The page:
A Child Protection Social Worker’s View on Drugs

A Child Protection Social Worker’s View on Drugs

Posted On: May 24, 2011
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This week’s author is a Child Protection Social Worker who is based in South East England. He discusses sticking to the letter of drug policy in his job and how that sits with his own views and experiences. To protect his position and his family, he has chosen to remain anonymous.

I remember a conversation I had when I was 17. I was with some friends and we were discussing drugs and if when we were parents we would do them with our kids.

We were smoking a joint or maybe doing a pill. It was 1990 and I dabbled and experimented in the drugs of the time: weed, E, LSD. We thought ourselves enlightened.  The second summer of love had just happened. My contribution to the conversation was clear and I shocked myself as it tumbled out of my mouth; if I was ever a parent there is no way in hell my kid is going to do drugs with me and I would probably not even admit I had ever done them. Yeah I might allude to standing in fields and dancing around but I wouldn’t be specific.

I continued to dabble in drugs during my 20s and early 30s but I wasn’t serious and would only ever use them socially. Line at a middle class diner party anyone? I hated the comedown and preferred alcohol. What finally put paid to my intake of illicit substances was a double whammy of a responsible job and parenthood.

In my role as a child protection social worker I come across a lot of drug taking and in certain cases I even drug test parents by swabbing them.  I’d only do this if I think it is having a serious impact on their parenting and I need some evidence for court.  In these cases, I am talking about the serious stuff such as crack and heroin.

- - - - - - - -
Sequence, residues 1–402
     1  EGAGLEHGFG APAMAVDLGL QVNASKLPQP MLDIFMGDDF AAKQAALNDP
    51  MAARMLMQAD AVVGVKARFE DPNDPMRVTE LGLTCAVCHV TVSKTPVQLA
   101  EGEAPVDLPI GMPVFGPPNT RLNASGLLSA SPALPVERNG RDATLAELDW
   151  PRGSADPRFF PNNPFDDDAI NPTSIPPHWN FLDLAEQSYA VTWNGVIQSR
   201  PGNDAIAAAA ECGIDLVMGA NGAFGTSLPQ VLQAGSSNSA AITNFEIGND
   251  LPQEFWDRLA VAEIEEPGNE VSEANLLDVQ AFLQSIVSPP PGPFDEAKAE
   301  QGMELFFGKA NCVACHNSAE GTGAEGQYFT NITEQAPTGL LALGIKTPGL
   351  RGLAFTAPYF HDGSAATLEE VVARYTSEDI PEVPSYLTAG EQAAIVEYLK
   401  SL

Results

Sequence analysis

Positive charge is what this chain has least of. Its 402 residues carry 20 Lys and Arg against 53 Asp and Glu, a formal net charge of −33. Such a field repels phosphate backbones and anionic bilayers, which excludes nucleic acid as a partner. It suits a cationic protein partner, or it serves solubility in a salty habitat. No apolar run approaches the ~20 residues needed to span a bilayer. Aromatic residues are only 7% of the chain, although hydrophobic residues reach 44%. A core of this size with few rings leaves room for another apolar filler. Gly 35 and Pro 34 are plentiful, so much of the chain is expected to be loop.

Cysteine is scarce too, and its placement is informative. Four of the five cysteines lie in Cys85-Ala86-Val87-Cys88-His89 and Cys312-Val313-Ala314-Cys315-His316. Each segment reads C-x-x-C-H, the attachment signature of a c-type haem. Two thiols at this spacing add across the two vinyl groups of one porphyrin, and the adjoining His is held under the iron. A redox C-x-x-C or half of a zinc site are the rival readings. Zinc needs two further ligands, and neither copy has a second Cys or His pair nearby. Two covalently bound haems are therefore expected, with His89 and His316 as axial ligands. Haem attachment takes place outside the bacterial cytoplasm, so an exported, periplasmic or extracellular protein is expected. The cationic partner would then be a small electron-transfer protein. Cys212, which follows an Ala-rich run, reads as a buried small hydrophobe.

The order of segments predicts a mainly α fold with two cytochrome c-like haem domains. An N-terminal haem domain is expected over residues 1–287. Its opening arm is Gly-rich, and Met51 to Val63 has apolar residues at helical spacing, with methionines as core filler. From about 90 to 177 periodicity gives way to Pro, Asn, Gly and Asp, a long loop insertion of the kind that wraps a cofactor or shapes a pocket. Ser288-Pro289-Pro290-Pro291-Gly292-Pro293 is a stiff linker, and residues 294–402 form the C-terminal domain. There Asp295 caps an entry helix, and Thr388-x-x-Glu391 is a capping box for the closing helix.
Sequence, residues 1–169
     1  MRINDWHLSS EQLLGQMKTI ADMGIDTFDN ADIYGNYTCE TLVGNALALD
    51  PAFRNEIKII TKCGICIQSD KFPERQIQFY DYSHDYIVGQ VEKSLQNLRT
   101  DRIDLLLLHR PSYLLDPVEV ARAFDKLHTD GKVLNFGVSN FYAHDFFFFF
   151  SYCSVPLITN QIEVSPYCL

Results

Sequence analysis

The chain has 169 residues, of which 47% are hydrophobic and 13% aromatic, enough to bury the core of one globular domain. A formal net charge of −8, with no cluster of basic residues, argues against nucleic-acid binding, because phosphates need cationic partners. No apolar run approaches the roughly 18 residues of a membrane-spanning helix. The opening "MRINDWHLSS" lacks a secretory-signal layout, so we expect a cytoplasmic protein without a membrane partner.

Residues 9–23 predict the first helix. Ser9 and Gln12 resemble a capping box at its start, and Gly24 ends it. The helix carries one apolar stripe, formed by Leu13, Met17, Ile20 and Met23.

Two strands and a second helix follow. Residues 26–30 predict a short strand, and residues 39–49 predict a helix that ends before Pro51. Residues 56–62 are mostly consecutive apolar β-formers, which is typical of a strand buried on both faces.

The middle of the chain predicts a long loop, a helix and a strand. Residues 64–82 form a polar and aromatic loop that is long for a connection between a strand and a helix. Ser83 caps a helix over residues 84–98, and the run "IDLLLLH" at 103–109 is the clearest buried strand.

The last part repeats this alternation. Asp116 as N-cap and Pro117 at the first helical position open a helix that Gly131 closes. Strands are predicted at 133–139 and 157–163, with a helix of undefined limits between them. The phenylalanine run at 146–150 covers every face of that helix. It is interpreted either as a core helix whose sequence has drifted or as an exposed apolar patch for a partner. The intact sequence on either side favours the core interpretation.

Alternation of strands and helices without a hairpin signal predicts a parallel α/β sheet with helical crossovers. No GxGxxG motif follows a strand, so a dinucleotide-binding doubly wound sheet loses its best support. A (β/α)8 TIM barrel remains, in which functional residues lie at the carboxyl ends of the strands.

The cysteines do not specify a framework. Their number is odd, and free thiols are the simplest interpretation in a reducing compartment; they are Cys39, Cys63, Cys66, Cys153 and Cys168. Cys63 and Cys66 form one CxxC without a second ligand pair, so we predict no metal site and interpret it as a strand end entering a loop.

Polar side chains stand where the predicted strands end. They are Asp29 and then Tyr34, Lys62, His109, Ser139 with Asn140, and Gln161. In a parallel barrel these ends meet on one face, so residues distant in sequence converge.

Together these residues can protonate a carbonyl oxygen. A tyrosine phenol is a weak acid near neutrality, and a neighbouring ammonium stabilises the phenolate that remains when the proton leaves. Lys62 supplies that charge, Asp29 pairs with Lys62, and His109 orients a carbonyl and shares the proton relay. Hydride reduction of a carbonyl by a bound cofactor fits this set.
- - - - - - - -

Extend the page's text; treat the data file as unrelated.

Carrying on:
I think or maybe hope I am still holding onto some of my liberal views and think that parents who indulge in the odd joint or line are probably not going to seriously neglect or abuse their kids by doing so.

But I can’t tell these parents this.  They are breaking the law so I still have to wag a finger and tell them about the dangers of drugs: Just say no etc.   Though I do remind them that if they must use drugs, then not to leave their ‘stash’, or whatever they call it these, days where their kids might find it.


When you are in a position of authority there are times when you are a hypocrite but you have no choice. If I was to break rank and start telling people that actually, it is alright to do a bit of this, and line of that, I would get the sack, even though I don’t think it will generally have that much of an impact on their parenting. In child protection, the real problem drug is alcohol: it’s the catalyst to all kinds of abuse, neglect, domestic violence, etc. Do my own kids know that I drink? They sure do, and my toddler will often chat away to me about Daddy’s beer, but that’s all right because I say it is, and more importantly society says it is.